Cricket was once the nation’s most popular sport. Today it is heading towards the bottom of the totem pole of popularity.
The number of youths showing an interest in cricket is declining rapidly. This is evident in the poor turnout at regional matches where tickets have been given away to students to attend.
Attendance at regional matches in St Vincent and the Grenadines is usually confined to about 100 – 150 persons and this only on weekends.
Attendance at local cricket is restricted to the players and their fiancés
When an international match is involved attendance is dictated by the quality of the visiting team and not by the host West Indies team. In some instances we could get attendance figures that are marginally above what obtains for regional cricket encounters.
Poor attendance puts a damper on the interest of the young players who love the sport and desire to get ahead in it. At the same time it acts as a major deterrent to others who are looking at their sporting options.
Parents who have lost interest ion cricket are not likely to encourage and support their children turning to it as their sport of choice.
Government’s love for the sport has not translated into much beyond the fact that the Sport Council’s staff appears to have been trained only in the preparation of cricket fields and the wickets in the middle as though the mandate of the organisation has slipped by without recognition. Facilities have been improved but there is inadequate funding to facilitate the adoption and application of sustainable maintenance strategies.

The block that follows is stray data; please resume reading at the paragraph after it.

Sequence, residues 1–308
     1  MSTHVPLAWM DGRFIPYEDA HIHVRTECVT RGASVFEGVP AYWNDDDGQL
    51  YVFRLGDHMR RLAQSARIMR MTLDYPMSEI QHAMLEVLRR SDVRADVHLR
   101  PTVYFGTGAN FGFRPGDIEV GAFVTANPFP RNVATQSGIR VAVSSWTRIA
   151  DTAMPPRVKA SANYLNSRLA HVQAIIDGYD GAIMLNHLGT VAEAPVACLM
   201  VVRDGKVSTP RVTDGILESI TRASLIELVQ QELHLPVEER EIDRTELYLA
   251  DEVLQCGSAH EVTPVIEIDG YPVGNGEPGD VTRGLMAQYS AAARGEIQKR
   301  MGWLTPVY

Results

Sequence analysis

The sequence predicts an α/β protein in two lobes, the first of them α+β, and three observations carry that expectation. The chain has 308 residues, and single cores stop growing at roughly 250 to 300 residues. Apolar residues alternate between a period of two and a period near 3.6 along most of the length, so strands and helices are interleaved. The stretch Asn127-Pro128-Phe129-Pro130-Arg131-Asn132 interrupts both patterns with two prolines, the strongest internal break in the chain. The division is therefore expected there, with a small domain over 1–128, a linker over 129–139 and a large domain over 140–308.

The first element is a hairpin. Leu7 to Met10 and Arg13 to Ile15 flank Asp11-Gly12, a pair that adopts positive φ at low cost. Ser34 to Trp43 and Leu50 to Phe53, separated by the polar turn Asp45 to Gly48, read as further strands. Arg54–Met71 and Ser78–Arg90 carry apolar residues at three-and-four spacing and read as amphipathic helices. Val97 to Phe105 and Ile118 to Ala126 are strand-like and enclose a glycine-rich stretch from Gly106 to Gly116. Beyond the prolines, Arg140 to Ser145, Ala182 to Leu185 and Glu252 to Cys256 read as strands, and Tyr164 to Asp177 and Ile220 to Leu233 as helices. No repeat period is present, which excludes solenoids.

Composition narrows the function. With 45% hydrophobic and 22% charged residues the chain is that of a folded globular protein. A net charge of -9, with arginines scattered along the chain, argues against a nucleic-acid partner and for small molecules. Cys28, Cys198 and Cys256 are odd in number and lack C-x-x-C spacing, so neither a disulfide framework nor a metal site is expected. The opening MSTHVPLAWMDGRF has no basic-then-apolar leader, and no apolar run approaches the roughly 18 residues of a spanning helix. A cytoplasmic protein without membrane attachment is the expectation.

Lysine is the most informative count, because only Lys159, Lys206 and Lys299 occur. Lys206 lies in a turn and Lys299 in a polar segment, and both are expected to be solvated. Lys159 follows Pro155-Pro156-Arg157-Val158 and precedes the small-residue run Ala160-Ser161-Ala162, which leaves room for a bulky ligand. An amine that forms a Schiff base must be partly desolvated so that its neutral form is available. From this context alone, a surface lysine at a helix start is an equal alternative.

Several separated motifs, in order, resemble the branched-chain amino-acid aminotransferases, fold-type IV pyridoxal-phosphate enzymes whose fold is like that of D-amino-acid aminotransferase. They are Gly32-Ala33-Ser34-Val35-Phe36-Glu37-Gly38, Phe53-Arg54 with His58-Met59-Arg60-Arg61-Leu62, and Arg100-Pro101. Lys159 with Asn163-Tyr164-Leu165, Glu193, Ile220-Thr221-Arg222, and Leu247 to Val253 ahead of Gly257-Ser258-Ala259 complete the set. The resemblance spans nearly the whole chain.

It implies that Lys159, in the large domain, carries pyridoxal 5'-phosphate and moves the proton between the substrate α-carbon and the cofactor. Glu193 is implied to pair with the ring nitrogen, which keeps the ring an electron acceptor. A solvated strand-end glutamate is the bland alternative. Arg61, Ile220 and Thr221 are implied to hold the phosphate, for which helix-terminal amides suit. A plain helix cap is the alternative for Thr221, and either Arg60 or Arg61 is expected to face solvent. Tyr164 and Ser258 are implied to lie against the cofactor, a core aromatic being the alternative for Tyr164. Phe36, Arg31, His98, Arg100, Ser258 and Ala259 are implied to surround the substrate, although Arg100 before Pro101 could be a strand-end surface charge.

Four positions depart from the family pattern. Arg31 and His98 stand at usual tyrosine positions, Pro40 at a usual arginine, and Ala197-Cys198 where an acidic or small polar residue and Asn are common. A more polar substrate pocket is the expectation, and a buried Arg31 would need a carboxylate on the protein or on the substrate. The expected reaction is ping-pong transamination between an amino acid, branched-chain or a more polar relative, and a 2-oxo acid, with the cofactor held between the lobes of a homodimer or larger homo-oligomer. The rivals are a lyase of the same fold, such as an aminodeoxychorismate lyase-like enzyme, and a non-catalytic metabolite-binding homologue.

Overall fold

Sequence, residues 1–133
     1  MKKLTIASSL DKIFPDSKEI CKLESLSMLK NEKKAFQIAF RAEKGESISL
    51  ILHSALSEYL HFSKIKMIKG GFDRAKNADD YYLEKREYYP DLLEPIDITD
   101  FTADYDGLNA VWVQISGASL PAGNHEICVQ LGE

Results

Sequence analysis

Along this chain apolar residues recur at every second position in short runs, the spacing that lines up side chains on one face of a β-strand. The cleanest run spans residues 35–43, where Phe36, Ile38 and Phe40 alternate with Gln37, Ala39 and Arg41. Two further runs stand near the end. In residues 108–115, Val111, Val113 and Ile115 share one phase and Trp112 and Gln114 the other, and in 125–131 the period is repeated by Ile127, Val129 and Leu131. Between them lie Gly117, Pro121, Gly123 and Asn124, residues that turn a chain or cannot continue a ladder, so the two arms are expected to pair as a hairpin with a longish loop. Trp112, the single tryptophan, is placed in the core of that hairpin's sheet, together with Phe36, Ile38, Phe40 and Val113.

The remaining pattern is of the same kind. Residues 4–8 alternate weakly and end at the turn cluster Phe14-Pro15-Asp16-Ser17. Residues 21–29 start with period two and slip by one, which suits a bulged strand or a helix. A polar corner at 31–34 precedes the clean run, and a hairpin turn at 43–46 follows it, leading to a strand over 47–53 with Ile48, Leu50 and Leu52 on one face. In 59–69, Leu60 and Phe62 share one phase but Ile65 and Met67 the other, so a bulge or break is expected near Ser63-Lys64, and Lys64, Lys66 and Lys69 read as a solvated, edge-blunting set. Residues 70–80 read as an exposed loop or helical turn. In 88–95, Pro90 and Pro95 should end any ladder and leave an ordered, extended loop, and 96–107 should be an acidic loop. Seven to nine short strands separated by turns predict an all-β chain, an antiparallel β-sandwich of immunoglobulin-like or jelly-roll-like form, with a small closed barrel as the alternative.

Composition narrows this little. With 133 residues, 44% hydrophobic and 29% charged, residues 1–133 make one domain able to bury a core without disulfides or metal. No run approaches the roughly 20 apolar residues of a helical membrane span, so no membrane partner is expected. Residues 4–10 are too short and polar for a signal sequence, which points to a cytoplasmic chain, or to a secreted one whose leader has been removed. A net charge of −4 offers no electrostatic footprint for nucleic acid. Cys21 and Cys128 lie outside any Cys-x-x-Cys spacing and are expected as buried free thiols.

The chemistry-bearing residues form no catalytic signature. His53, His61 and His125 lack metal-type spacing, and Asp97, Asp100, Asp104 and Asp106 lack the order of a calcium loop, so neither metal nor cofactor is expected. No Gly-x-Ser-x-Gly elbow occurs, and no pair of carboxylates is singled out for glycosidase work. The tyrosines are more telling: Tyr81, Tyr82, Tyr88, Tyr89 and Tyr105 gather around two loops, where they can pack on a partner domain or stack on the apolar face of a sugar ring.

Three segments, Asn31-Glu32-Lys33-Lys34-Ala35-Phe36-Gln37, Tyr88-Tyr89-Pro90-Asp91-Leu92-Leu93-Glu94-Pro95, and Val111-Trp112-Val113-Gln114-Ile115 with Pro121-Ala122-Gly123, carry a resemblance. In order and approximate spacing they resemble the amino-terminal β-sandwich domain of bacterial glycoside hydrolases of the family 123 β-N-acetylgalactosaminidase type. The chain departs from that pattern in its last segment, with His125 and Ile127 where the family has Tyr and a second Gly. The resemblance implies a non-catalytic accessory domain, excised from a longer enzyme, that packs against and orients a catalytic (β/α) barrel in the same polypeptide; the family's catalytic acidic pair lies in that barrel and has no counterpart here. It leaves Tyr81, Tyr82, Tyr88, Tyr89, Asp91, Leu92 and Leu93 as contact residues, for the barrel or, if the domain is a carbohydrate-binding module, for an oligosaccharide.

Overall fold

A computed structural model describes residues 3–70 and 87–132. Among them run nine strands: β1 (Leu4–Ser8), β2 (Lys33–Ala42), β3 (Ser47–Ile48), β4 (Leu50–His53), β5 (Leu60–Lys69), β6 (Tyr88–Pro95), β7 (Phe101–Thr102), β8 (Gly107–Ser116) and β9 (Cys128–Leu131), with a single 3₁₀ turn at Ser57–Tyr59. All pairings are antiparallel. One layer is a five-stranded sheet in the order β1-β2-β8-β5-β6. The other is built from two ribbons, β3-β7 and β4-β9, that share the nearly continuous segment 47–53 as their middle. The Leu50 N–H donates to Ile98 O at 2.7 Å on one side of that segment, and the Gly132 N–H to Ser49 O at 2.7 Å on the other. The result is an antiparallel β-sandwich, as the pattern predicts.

Schools are still participating in the sport largely for bragging rights and less for the systematic development of the athletes and the sport.
Some sponsors have stayed with the sport because people who have played the game at some stage in their lives lead these organisations. Others stay on board as part of maintaining a tradition. Still others are there because they have friends with cricket teams.
One does not get the impression that work is being done to effect change in the game at the local level enough to make potential sponsors attracted to the game.
It is interesting that there are still several annual soft ball cricket competitions around St Vincent and the Grenadines. Significantly these competitions are not in any way worked into any broader cricketing development strategy here at home. It is cricket and the national governing body for the sport should have an interest as to why some of these competitions appear to be more attractive and appealing that the stoic and traditional version of the game.
We ought not to be surprised at the results of our teams at the regional level because it is an accurate reflection of the state of development of the sport in St Vincent and the Grenadines.
Apart from the introduction of Kiddy Cricket one has not really seen much by way of attempts at innovative mechanism designed to stimulate interest in the sport at different segments of the Vincentian population.
Times are changing rapidly and the several sports practised around the world are changing to keep pace with the varying interests to which children and youths are so readily exposed through a variety of media.
Here at home cricket has remained the same over the past several years, virtually devoid of any spirit of innovation.
Should the SVGCA fail to take stock of itself it could witness an even more rapid decline of the sport in this country.